Emmeline’s stomach rolled over. ‘You go first,’ she said. Thing stopped climbing, and leaned over the side of the ladder to peer down at her. Emmeline was glad of the darkness.
‘You’re not scared, are ya?’ he asked, coming down a rung or two. ‘Not with that box o’ tricks on your back, and a brain like yours in yer head, surely?’
‘I don’t – I don’t like heights, really,’ said Emmeline, coughing to cover up the wobble in her voice.
‘No problem,’ said Thing, cheerfully. ‘I mean, it’s so dark up ‘ere you can barely tell it’s up so high.’ She could hear the grin in his voice, even if the darkness hid it. Like an athlete, or a monkey, Thing scampered up the ladder without a second thought.
‘I don’t like darkness, either,’ muttered Emmeline, wrapping her fingers round the nearest rung and taking three deep breaths, in through her nose and out through her mouth. ‘Emmeline Mary Widget, you can do this,’ she told herself in a stern tone. ‘The secret to why you’re even here and where your parents are lies – more or less – at the top of this ladder. And if Thing can climb it, so can you! Right?’ She nodded decisively, and grabbed another, higher, rung. She found footholds, and started to climb, telling herself that her knees weren’t wobbling – it was merely the movement of the ship. Slowly, slowly, she ascended.
‘Will you get a move on!’ Thing’s voice fell on her like a handful of iron filings dropped from a height. Shivering, she felt his words trickle all over her, poking and prodding and nipping at her skin. She clung to the ladder like a baby clinging to its mother’s finger, and allowed a rattle of terror to skitter through her whole body before she trusted herself to answer.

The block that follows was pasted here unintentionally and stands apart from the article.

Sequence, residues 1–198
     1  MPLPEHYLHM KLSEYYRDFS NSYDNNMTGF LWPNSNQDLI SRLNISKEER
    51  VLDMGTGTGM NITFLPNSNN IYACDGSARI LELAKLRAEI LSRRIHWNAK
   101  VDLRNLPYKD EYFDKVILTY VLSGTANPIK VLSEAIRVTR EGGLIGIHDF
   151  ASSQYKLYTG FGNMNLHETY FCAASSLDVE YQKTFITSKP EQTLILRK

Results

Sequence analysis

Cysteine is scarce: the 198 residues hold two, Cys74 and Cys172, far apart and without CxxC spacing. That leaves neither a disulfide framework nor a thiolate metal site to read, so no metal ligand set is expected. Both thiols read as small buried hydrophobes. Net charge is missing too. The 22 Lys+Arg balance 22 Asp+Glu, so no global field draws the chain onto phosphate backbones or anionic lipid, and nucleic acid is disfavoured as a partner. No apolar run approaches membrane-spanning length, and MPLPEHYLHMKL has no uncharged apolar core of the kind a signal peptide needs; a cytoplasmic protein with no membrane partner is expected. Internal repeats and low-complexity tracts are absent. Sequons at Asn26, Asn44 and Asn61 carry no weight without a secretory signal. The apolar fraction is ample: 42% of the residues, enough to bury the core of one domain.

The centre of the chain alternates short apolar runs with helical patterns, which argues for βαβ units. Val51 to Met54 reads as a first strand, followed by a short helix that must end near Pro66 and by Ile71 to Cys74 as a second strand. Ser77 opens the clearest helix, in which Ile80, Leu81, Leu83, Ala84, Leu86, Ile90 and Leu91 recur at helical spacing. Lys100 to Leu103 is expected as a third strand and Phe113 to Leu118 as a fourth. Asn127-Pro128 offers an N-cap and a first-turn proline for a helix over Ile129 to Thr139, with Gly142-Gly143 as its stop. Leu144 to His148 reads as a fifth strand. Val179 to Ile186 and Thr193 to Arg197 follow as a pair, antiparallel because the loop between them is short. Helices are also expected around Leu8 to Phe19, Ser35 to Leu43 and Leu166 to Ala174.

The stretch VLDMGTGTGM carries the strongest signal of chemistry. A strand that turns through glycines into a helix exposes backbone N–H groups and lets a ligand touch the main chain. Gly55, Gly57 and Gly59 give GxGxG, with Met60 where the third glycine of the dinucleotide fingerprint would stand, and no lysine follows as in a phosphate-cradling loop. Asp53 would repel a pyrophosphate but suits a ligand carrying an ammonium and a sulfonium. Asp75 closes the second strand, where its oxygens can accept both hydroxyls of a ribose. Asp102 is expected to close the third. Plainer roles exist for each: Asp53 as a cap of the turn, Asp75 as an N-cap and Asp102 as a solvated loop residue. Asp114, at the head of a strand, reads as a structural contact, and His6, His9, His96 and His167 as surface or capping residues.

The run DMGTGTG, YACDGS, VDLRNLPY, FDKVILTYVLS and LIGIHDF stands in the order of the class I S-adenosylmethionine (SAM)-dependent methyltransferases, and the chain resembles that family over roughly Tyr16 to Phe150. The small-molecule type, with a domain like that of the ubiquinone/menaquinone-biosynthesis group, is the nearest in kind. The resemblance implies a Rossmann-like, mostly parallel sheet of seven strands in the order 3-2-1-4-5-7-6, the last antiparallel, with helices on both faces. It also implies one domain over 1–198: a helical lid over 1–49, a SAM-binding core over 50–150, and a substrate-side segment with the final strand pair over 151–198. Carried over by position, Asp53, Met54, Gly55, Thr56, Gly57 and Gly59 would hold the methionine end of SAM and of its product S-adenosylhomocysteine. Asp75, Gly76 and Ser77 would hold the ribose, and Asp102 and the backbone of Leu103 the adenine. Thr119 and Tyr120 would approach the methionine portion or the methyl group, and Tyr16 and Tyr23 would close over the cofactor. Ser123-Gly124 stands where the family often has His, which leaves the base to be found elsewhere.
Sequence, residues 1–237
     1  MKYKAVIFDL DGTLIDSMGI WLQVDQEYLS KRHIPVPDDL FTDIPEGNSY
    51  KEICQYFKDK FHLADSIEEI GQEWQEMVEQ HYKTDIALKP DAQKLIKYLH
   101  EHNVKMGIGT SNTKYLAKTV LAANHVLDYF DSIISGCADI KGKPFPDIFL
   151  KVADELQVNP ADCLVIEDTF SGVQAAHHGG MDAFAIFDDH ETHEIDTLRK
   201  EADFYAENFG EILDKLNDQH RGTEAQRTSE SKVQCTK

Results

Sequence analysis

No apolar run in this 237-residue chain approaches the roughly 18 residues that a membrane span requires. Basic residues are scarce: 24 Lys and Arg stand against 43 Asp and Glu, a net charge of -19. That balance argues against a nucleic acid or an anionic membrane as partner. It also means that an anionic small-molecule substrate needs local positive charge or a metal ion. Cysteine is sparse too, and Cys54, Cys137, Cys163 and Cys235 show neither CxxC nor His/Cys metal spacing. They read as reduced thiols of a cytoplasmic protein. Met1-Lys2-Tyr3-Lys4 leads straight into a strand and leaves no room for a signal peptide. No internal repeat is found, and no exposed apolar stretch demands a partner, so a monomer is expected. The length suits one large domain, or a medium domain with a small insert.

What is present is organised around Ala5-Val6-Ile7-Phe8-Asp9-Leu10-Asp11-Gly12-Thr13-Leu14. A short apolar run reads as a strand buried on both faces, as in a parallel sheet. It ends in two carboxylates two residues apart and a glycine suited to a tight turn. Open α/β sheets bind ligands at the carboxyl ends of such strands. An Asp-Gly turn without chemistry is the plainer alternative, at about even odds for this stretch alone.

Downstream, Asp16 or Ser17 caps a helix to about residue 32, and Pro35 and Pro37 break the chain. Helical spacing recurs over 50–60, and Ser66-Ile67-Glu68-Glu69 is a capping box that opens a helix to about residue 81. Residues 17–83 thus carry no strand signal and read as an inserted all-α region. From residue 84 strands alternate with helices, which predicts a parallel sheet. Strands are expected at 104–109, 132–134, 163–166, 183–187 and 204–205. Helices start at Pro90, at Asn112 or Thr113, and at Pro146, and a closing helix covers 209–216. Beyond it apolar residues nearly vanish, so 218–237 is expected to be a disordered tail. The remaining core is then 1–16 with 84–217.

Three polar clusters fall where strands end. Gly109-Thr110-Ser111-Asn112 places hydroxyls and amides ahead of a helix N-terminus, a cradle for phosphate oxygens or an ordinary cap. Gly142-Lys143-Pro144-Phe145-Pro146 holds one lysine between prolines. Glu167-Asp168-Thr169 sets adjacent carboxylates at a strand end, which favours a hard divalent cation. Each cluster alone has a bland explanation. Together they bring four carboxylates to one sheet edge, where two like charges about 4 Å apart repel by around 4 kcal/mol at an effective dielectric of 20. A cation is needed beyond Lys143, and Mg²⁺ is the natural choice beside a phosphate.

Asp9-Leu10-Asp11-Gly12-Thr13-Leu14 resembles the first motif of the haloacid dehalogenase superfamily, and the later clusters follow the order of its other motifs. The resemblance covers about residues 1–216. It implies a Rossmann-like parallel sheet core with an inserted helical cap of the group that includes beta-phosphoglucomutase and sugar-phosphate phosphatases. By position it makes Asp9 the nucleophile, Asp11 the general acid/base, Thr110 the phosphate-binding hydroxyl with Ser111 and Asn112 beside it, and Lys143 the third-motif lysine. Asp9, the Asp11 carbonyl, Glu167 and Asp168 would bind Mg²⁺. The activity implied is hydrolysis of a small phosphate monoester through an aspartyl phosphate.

‘I’m coming!’ she whispered back, her voice hoarse.
‘Yeah, well – come quicker!’ insisted Thing.
Just then – like his voice had summoned it – a huge, searing light switched on a few feet away. Emmeline got such a shock that she almost lost her grip on the ladder.
‘Ems!’ she heard, through the pounding of the blood in her ears. ‘Now, now, now! Get up here now!’ Fear had made her hands and feet numb, but Emmeline moved.
‘Hands then feet,’ she muttered, trying to keep calm. ‘Hands then feet.’ The light was nearly as wide across as she was tall, and as she watched it started to sweep over the deck in great arcs, like it was searching for something.
It was searching for something, she finally understood. Her.
‘Please, Ems! Hurry up!’ Thing’s voice seemed closer, and she looked up to see him, just barely, hanging off the top few rungs of the ladder like a flower on a long, narrow stem. She could see the terror in his face, and his outstretched fingers were just too far away for her to reach…
Then, the light finally found her. It flicked in her direction, making her freeze in terror and making her eyes sting and water as she struggled to focus. Thing was yelling at her, and she felt the ladder shudder as he started to descend. Her brain screamed as it tried to understand what was happening. Then, something slapped Emmeline’s face, and grabbed at her outstretched arm. Almost like she’d been picked up by a huge, rough-fingered hand, she felt herself being plucked off the ladder and then, sickeningly, she was falling, right toward the deck, what felt like miles and miles below…